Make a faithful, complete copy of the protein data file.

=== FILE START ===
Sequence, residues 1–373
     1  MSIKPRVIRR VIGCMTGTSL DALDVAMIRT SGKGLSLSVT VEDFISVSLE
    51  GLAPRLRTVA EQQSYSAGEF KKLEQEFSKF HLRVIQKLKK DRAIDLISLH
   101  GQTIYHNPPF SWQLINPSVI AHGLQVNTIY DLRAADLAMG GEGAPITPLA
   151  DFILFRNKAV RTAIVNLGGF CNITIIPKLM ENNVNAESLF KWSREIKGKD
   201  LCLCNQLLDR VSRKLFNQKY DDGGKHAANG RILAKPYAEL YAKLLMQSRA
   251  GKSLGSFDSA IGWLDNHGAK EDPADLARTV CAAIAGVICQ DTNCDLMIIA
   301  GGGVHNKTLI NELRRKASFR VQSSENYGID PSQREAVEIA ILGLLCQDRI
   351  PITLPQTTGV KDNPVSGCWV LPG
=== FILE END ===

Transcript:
Sequence, residues 1–373
     1  MSIKPRVIRR VIGCMTGTSL DALDVAMIRT SGKGLSLSVT VEDFISVSLE
    51  GLAPRLRTVA EQQSYSAGEF KKLEQEFSKF HLRVIQKLKK DRAIDLISLH
   101  GQTIYHNPPF SWQLINPSVI AHGLQVNTIY DLRAADLAMG GEGAPITPLA
   151  DFILFRNKAV RTAIVNLGGF CNITIIPKLM ENNVNAESLF KWSREIKGKD
   201  LCLCNQLLDR VSRKLFNQKY DDGGKHAANG RILAKPYAEL YAKLLMQSRA
   251  GKSLGSFDSA IGWLDNHGAK EDPADLARTV CAAIAGVICQ DTNCDLMIIA
   301  GGGVHNKTLI NELRRKASFR VQSSENYGID PSQREAVEIA ILGLLCQDRI
   351  PITLPQTTGV KDNPVSGCWV LPG